Kermit: On with the vaudeville show. Here's The Muppet Show’s answer to Lassie. The amazing Foo-Foo and her equally amazing trainer, Miss Piggy!
Piggy: Thank you. Thank you. Thank you. Thank you. Ladies and gen— Cool it! Ahem. Ladies and gentlemen, now here she is, Foo-Foo the wonder dog. Yes, yes, thank you, thank you, thank you. Very good, Foo-Foo. Now, for her second trick...
Rowlf: Second trick?
Piggy: For her second trick.
- Foo-Foo scratches her ear*
Piggy: Very good. Now, for her third trick. Yes. I'm going to ask Foo-Foo to solve a difficult mathematical problem. Foo-Foo? What is two plus two?
Foo-Foo: Woof! Woof! Woof!
Piggy: One more. She wasn't finished! Three is wrong.
Rowlf: Well, I know that. But I figured that was as close as she was going to get. Heh-ha-ha.
Piggy: Ha-ha-ha-ha-ha. Ahem. We shall do it again. This time let her finish.
Piggy: Foo-Foo, dear. What is two plus two?
Foo-Foo: Woof! Woof-woof! Woof!
Piggy: What are you doing?
Rowlf: I was waiting for her to finish. Heh-ha-ha.
Piggy: Oh, wonderful. Now you've done it. *to Foo-Foo* You're all upset.
Rowlf: Oooh, sorry. Maybe that trick's too hard for her. Have her do something simple. Like, roll over and play dead. Heh-ha-ha.
Piggy: Why don't you roll over and drop dead? If I want her to do something simple, I would have had her play the piano and make dumb remarks. Now. Ahem. Would everyone like to see Foo-Foo dance? Hm?
Rowlf: It's unanimous!
Piggy: Just play the music.
Piggy: Alright, dance Foo-Foo! Dance for mommy! Dance.
Piggy: Why'd you stop playing?
Rowlf: I heard that.
Rowlf: Foo-Foo, it's behind you! Ah! Go get it! Sorry, Miss Piggy. Old habits are hard to break. Foo-Foo! Woof-woof!
Statler: Have we ever said this show is going to the dogs?
Waldorf: About a million times.
Kermit: Okay, moving right along. Here are three gifted singers who have all kissed the Blarney Stone. Ladies and gentlemen, The Leprechaun Brothers — yaaay!, leprechaun!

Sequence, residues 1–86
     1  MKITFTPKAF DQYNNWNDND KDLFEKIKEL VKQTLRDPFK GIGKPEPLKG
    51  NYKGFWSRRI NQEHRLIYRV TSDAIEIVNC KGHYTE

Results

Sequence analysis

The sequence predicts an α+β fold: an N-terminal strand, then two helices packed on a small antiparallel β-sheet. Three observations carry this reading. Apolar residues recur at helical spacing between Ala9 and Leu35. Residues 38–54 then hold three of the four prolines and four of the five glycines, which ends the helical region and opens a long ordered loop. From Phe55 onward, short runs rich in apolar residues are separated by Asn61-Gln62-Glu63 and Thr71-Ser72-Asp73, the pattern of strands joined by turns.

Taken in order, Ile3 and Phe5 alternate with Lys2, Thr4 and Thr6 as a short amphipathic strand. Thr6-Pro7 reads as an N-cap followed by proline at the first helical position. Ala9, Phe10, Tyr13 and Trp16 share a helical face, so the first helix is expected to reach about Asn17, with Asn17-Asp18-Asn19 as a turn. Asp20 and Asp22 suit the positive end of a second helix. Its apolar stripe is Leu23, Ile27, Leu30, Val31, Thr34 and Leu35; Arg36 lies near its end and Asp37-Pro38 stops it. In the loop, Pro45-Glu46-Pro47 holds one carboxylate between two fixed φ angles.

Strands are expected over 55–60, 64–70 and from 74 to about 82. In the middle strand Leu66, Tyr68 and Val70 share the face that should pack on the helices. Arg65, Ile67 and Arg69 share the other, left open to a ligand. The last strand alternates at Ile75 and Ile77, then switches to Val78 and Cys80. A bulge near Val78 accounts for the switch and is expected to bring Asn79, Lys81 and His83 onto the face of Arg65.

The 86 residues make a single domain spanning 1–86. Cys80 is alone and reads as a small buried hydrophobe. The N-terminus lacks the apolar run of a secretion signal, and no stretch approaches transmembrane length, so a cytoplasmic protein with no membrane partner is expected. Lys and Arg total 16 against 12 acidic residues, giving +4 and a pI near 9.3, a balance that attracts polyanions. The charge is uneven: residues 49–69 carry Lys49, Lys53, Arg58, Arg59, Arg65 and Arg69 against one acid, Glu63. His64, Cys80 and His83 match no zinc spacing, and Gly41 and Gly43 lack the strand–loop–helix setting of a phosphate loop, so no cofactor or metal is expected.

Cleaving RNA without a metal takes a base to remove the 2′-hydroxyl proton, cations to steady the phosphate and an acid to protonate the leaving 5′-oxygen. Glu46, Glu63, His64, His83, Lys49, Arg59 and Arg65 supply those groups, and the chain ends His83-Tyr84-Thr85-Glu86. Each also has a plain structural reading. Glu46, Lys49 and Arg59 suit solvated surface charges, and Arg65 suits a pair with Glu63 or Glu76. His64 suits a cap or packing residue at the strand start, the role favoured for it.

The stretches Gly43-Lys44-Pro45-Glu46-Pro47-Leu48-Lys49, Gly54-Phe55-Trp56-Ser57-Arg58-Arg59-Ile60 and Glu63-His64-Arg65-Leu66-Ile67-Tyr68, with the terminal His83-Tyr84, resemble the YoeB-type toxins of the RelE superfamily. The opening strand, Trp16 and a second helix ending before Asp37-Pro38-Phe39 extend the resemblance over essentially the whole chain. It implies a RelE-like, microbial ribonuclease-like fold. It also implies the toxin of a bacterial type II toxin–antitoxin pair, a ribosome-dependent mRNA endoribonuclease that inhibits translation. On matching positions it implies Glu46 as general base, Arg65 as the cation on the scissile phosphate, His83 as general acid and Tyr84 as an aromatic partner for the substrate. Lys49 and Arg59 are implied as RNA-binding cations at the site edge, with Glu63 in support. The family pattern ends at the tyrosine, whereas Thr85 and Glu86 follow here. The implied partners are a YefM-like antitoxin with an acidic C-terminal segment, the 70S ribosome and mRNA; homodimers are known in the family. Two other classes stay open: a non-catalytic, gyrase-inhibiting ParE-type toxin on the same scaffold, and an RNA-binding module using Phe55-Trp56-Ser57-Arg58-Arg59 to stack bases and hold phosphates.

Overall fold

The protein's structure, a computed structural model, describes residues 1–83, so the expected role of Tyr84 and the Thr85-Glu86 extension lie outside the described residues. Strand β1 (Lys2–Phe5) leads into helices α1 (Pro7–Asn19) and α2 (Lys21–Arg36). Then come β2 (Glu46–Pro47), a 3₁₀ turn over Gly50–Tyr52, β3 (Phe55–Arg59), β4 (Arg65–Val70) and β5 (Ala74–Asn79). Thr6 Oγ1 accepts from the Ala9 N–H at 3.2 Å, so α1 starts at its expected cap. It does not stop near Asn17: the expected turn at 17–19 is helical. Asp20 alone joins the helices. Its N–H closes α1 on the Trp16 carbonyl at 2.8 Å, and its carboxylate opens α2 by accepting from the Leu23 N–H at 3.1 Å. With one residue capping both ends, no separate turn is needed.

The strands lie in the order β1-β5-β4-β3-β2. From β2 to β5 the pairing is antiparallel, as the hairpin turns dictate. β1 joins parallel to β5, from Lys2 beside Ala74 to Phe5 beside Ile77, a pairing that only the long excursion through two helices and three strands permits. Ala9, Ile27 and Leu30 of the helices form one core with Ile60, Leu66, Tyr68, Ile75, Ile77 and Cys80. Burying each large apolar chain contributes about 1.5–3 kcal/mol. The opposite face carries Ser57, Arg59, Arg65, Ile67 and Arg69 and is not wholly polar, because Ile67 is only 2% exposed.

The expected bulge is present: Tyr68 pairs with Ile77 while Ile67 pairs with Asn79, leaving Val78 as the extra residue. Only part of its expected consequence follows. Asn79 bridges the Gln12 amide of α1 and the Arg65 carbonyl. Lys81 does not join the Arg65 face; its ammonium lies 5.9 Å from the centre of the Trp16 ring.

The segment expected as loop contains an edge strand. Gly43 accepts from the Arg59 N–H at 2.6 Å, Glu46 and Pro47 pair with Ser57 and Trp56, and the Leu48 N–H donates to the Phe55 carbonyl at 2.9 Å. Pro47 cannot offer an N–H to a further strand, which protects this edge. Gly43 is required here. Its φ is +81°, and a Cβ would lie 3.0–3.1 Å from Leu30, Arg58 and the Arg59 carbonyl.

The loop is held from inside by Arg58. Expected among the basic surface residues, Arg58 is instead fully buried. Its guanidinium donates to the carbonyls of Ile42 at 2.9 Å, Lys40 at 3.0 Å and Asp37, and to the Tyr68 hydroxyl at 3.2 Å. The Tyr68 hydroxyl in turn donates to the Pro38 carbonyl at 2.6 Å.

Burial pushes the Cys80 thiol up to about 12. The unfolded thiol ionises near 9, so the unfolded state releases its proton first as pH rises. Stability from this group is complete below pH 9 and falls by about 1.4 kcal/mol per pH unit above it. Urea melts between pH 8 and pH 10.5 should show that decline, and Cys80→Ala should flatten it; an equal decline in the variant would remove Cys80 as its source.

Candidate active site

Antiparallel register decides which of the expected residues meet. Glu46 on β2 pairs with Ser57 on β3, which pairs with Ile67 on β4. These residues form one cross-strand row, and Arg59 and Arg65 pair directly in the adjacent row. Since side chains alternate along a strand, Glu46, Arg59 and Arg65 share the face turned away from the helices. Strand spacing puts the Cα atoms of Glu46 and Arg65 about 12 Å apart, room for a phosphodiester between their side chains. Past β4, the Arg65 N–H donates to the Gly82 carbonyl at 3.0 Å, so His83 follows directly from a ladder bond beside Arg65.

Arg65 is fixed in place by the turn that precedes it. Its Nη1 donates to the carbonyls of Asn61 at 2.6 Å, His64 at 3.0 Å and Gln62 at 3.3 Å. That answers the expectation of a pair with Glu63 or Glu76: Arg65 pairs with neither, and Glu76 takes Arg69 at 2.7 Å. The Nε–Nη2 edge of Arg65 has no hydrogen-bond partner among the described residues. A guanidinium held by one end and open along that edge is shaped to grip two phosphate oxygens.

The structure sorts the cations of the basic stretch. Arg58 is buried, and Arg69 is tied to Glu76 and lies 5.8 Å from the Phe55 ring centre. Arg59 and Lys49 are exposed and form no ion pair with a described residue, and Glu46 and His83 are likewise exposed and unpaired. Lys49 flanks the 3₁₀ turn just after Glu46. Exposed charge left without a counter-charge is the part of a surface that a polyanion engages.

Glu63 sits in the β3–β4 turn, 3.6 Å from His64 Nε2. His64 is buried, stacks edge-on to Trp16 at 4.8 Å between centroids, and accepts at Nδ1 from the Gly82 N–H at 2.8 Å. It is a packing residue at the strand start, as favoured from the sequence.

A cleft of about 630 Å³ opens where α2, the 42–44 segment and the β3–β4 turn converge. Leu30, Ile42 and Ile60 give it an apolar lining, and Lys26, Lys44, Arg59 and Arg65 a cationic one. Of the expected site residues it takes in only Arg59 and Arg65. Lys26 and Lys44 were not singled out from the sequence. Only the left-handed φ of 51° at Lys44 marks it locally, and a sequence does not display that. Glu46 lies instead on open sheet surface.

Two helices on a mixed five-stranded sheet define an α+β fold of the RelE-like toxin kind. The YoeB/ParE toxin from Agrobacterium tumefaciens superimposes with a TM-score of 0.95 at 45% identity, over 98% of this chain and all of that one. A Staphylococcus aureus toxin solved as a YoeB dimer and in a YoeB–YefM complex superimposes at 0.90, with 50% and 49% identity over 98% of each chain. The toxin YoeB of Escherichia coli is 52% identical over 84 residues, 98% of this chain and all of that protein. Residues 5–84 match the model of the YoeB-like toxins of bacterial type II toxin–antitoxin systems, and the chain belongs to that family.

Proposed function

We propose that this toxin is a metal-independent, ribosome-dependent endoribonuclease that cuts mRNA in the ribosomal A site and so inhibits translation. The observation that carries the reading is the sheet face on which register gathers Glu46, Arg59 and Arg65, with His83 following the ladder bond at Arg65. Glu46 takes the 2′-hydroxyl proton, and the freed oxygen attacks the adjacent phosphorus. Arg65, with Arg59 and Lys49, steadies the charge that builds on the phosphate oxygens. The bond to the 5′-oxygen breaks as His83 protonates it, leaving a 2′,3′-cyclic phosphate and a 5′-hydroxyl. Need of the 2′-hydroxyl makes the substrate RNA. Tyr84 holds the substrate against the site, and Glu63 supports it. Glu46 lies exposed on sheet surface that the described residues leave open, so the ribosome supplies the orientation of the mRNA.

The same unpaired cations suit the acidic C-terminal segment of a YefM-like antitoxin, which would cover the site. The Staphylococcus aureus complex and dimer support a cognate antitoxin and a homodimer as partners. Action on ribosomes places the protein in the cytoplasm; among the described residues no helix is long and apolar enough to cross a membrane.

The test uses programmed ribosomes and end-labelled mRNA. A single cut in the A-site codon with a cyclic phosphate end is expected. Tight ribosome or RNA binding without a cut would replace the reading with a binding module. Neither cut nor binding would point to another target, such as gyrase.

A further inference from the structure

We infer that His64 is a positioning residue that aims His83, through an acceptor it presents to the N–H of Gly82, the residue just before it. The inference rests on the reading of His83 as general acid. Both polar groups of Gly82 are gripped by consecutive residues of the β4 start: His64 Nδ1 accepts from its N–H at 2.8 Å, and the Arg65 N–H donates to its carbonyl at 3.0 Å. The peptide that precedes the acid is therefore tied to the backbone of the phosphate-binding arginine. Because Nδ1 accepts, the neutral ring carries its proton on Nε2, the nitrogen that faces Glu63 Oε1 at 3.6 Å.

Statler: Well, there goes another popular expression down the drain.
Waldorf: What's that?
Statler: The luck of the Irish.
Kermit: And now, ladies and gentlemen, continuing with our vaudeville show, it's Wally Boag time. And here he is to do the Highland Fling.
Wally: Don't fling at e like that! Thank you. Thank you, I deserve it. I- I am Scotch, you know. As a matter of fact, it was my great-grandfather McBoag that gave me these very rare McBag Bird, here. Isn't she pretty? Can't fly, but what a voice. Little history on the bag bird, it was originated in Ireland in the 15th century and the Irish gave them to the Scots. And the Scots haven't caught on to the joke yet. Yeah. For my first number, I play by ear. I play, heh. Well, my first number. Come on, baby. Green olives, again. It's lonesome for its mommy. Yeah. Just relax. Oh, one more time. One more time. Oh, well. I'll give it a vitamin pill. Actually, I would like to play. I would like to play. I've got to. A little song entitled, uh, "The Girl Next Door Live the Life of a Dog So I Called Her Over". I called... Shouldn't have, should I? Here we go. Of course, a lot of people— a lot... A lot of people. A lot. I'm talking, do you mind? Thank you. A lot of people. Down girl. A lot of people. I'll be right with you. A lot of people — I hear you — have said, "Wally," — that's my maiden name — "Is it possible to play a melody on the bagpipes?" Is it possible to play a melody? No. But I'd like to endeavor to play "Suwannee River". And I wondered if the band — band! — would join me because, uh, I'm really coming apart. You ready? "Suwannee River". Beat it in rock time. No hands.